The Last Policeman by Ben Winters


Winters, B. H. (2012). The Last Policeman: A Novel. Quirk Books.

Plot Summary:  In 2011, astronomers locate an asteroid that they believe will come very close to Earth.  Soon after, they predict that there is a 5% chance that it will actually collide with our planet.  The revelation causes mass panic as the world comes to terms with this potentially cataclysmic event. As the asteroid’s path becomes clearer, astronomers are forced to acknowledge that the asteroid is indeed on course to collide with Earth – there is no room for doubt. 

Detective Hank Palace is intent on maintaining some kind of order in his hometown of Concord, New Hampshire.  When he’s called on to contend with yet another suicide (fairly common with the coming asteroid), something seems off about the scene.  Palace decides to investigate the death, believing he is dealing with a homicide.  While the world is falling apart around him, Detective Hank Palace is determined to serve justice until the bitter end.

Critical Evaluation:  While this book wasn’t released as a young adult book, teen readers will identify with the themes that Winters plays with in The Last Policeman.   Teens looking for a fast-paced detective novel will not be disappointed.  This book is made up of all of the elements of a great detective novel – a compelling crime, mysterious characters and a detective worth rooting for.  Young adults who enjoy asking bigger questions of the novels they read will likewise be pleased with this novel.  What is the point of fighting crime when the world is likely to end in six months?  What is the point of solving a mystery when humans are facing mass extinction?  Teens can take this conversation further and ask what the point is of doing anything when we will all eventually die.  Heady stuff, indeed, but it makes for a fascinating conversation about human nature.  When it is discovered that the asteroid will hit the Philippines and that Concord, New Hampshire might be spared the worst of the catastrophe, the people of Detective Palace’s city begin to act in a more predictable manner.  The sub-plot involving governmental conspiracies and espionage will delight in Winters’ clever story and skillful plot twists.

Reader’s Annotation:  Detective Hank Palace knows just as well as everyone else that the asteroid due to hit Earth might cause mass extinction, but that’s not going to stop him from finding the bad guys and serving justice.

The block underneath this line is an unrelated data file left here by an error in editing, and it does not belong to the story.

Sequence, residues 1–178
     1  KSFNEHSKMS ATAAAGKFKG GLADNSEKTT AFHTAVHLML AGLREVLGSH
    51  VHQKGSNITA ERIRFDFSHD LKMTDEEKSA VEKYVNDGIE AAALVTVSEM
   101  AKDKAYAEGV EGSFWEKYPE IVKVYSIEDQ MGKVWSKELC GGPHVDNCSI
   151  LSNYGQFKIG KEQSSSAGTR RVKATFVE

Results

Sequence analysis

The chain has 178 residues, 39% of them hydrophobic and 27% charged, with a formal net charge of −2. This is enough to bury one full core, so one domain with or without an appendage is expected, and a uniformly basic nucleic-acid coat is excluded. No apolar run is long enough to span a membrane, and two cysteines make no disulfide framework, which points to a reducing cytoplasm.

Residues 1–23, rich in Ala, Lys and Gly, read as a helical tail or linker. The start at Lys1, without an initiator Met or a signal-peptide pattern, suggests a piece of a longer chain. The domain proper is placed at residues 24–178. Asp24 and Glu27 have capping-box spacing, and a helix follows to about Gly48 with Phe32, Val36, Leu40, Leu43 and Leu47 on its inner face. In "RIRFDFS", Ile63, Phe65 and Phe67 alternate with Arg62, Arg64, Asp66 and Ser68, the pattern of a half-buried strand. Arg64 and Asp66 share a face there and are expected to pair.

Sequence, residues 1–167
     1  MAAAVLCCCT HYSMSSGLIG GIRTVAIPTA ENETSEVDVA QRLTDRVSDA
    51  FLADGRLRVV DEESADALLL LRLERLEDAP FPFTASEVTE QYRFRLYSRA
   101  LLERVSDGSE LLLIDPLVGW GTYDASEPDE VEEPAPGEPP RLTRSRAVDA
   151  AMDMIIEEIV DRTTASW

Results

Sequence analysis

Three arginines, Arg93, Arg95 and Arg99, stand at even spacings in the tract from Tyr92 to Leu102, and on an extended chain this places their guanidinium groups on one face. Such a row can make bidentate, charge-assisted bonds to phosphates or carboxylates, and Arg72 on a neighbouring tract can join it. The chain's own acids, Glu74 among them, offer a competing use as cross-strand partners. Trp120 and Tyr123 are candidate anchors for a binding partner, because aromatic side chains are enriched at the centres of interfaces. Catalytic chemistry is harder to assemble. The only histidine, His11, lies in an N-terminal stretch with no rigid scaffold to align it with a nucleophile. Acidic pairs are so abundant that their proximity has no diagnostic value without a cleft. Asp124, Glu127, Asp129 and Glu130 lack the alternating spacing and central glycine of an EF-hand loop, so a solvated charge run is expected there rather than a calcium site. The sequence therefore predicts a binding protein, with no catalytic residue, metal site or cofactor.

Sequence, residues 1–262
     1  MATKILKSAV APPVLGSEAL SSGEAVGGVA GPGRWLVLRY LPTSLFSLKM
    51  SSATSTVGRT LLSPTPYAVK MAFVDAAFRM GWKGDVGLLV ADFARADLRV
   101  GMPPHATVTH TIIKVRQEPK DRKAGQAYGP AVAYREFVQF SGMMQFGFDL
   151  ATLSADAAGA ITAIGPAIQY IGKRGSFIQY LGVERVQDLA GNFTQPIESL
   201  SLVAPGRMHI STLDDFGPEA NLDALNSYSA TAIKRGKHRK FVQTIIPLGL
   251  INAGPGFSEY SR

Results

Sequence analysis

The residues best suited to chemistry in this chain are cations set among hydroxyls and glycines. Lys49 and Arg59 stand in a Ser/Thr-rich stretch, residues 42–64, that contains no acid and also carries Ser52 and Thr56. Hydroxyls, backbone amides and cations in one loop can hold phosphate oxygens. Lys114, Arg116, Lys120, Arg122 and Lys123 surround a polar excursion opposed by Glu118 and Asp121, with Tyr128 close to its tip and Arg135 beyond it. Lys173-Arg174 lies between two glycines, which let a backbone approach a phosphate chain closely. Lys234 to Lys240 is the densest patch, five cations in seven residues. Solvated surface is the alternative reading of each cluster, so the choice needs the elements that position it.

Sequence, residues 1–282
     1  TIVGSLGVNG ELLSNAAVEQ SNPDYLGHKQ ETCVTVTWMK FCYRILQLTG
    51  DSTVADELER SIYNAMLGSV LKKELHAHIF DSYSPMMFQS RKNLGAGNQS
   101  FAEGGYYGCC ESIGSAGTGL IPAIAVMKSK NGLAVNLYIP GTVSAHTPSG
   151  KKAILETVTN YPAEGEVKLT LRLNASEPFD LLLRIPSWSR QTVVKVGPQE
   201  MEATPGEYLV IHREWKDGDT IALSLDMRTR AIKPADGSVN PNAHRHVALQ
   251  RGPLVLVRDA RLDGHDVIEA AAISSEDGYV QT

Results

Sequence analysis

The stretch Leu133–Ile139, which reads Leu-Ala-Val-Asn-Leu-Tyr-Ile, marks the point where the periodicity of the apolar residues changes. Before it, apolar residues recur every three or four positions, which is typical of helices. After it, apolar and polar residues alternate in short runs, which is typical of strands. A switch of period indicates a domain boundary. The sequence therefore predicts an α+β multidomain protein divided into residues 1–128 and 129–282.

Author Information:   “Ben H. Winters is the author of seven novels, including most recently Countdown City (Quirk), an NPR Best Book of 2013 and the winner of the Philip K. Dick Award.  Ben has also written extensively for the theater, and was a 2009-2010 Fellow of the Dramatists Guild.  Ben grew up in suburban Maryland, went to college at Washington University in St. Louis, and has subsequently lived in six different cities—seven if you count Brooklyn twice for two different times. Presently he lives in Indianapolis, Indiana, with his wife Diana, a law professor, and their three children.”

ABOUT | Ben H. Winters. (n.d.). Retrieved from

Genre: Speculative/Science fiction

Curriculum Ties: Speculative fiction/Detective story

Booktalk Ideas: End of the world!, Alternate detective stories

Reading Level/Interest Level: Crossover/Grades 9 and up

Challenge Issues and Plans:  This book contains violence and topics of murder and suicide.

If this book was challenged:

  1. I would ensure that I am familiar with the material, including any part that might cause concern to parents/patrons.
  2. I would actively listen to the concerns of the parent/patron in an effort to fully understand their point of view. I would ask clarifying questions and avoid any judgmental language.
  3. I would offer my reasons for including the material in a non-confrontational but matter-of-fact manner.
  4. I would offer a list of reviews and awards that informed my decision to add the material to the collection.
  5. I would draw the parent/patron’s attention to ALA’s Library Bill of Right.
  6. I would have handy for perusal my library’s collection policy.
  7. If the parent/patron wished to continue with the challenge, I would offer an official challenge form that would be submitted to the library’s (or school’s) board of directors.

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